“It’s not going to do any good to land on Mars if we’re stupid.” - Ray Bradbury
Last weekend we watched a sci-fi film that reminded me of the good, old-fashioned space sagas, with lots of adventure and lush visual effects. It was Andrew Stanton’s 2012 film “John Carter”, starring Taylor Kitsch, Lynn Collins and Willem Dafoe. The movie was based on Edgar Rice Burroughs “A Princess of Mars” (the first in a series of 11 novels), which I had read in my youth and which I had enjoyed. The screenplay was written by the director, in collaboration with Mark Andrews and Michael Chabon.
John Carter is a US Civil War veteran who in 1868 is trying to live a normal life. He is approached by the Army and asked to rejoin as he is needed to quell an Indian uprising. As he has had enough of war, he refuses and is thus locked up. He escapes and is pursued by soldiers, who are confronted by Indians. Carter escapes into a cave, which turns out to be the legendary cave of gold he has been searching for. While in the cave he meets someone who is holding a strange medallion. When Carter touches it, he finds himself in another world, “Barsoom”; a place where he can leap incredible heights and has prodigious strength. He encounters strange tall, green-skinned beings he has never seen before. Later, he meets a woman who helps him to discover that he is on Mars. To his chagrin he discovers he is caught in the made of a war and he needs to pick sides in order to survive.
The film reminded me of Avatar in some ways, however, it was a really good, original one with its 132 minutes being well-spent and never along its length did we feel it was too long. The CGI are outstanding and this is what one would expect from the Disney studios. We watched in on Bluray and the colour, clarity and interweaving of live action with CGI were breathtaking. Overall the cinematography, costumes, sets, look and feel of the film was fantastic. It appears the film suffered greatly from bad criticism, but I found that this was unfair.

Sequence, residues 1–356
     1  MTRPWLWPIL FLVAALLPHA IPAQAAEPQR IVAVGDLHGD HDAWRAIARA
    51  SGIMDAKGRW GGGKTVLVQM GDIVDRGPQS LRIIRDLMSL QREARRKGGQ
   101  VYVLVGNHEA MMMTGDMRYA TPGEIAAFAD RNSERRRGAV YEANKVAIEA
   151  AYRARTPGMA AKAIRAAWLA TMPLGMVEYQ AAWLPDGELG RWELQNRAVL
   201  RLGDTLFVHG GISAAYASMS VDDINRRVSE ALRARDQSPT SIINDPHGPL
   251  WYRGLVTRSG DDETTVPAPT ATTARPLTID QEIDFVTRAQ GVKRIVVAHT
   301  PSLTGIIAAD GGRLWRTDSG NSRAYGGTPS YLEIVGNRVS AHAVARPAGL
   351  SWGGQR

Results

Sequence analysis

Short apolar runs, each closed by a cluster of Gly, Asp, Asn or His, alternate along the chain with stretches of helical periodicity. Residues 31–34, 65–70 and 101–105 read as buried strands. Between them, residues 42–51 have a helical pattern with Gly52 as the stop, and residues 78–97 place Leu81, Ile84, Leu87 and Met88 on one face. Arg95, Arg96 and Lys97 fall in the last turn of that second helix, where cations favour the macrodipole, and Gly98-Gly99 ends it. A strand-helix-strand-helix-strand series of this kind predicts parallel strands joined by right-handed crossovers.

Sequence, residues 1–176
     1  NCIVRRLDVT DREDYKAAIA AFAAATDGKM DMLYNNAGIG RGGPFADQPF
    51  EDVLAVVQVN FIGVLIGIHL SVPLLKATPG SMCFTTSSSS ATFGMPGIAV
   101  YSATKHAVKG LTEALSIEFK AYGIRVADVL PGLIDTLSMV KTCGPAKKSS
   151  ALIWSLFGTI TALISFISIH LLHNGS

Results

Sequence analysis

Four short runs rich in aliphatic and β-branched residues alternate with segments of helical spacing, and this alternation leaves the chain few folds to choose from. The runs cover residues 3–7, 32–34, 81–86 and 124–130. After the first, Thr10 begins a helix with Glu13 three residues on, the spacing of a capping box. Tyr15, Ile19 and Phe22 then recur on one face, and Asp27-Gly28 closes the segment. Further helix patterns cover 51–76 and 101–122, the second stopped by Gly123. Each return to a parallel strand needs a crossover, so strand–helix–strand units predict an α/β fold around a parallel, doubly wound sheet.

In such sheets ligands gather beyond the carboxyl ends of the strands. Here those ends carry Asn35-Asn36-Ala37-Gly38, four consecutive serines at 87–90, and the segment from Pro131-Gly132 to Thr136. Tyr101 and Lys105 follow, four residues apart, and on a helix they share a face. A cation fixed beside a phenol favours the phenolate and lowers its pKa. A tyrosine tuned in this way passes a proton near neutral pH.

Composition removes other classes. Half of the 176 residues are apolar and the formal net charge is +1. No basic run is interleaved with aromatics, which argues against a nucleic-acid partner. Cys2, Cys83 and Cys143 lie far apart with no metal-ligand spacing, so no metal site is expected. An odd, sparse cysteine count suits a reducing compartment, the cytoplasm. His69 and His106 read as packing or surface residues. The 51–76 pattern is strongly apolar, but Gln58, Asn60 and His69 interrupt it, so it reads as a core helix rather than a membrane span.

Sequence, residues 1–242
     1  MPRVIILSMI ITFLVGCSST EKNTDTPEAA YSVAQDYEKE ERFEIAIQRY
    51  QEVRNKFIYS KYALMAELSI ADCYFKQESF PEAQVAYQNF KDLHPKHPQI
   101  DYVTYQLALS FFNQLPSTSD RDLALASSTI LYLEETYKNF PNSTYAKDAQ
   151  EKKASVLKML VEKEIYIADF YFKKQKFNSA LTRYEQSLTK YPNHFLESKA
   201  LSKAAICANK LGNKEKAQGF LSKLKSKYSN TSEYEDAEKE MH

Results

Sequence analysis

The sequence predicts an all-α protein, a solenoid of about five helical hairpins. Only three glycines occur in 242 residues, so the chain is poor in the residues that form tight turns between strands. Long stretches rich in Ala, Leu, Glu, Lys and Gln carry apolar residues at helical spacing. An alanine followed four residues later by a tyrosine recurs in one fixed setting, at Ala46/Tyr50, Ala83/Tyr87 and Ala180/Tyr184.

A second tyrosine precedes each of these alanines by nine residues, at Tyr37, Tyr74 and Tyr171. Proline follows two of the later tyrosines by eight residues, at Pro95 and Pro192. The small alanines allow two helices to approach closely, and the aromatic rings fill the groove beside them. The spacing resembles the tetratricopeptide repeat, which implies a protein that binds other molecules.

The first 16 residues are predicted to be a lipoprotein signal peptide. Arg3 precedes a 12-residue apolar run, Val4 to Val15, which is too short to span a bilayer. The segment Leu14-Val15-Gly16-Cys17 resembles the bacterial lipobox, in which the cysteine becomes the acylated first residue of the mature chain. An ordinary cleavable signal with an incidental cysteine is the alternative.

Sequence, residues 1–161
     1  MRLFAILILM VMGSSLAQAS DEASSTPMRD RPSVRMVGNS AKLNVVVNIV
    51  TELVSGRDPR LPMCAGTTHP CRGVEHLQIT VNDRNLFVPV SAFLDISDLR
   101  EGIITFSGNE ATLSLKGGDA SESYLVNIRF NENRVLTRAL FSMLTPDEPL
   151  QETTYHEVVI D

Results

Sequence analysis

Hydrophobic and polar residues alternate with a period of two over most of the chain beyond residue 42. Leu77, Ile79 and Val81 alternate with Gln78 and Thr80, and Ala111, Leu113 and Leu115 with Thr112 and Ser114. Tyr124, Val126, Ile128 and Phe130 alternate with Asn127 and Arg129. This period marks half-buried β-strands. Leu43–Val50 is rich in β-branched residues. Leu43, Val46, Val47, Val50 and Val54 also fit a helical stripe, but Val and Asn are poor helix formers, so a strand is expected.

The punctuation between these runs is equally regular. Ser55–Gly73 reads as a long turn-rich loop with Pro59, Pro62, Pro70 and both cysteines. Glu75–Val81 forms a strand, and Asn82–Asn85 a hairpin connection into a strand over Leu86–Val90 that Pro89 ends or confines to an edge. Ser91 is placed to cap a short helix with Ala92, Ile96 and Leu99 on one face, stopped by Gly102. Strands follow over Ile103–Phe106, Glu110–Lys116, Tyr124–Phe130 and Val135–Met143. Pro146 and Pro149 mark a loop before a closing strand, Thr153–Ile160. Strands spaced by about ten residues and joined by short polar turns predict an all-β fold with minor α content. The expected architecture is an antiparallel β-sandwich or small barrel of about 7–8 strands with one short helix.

The two leads were relatively unknown and this was one of the critics’ beefs. Taylor Kitsch is convincing and natural, while Lynn Collins is beautiful and dashing, a good foil to the heroics of the leading man. Willem Dafoe as Tars Tarkas and Samantha Morton as Sola, Mark Strong as the evil Matai Shang all the cast is without exception excellent. The music by Michael Giachinno is remarkably well suited to the action, and the editing by Eric Zumbrunnen supports the narrative greatly.
This is a film I would happily watch again in the near future and this is a good enough recommendation for it. The plot is satisfying and has enough twists and turns to keep one amused. The production values are high, the acting is good and at over two hours long if it leave you wanting more at the end, I think it has ticked all of the entertainment boxes.
Here is a trailer made by fans as opposed to the official one. I think this one is superior…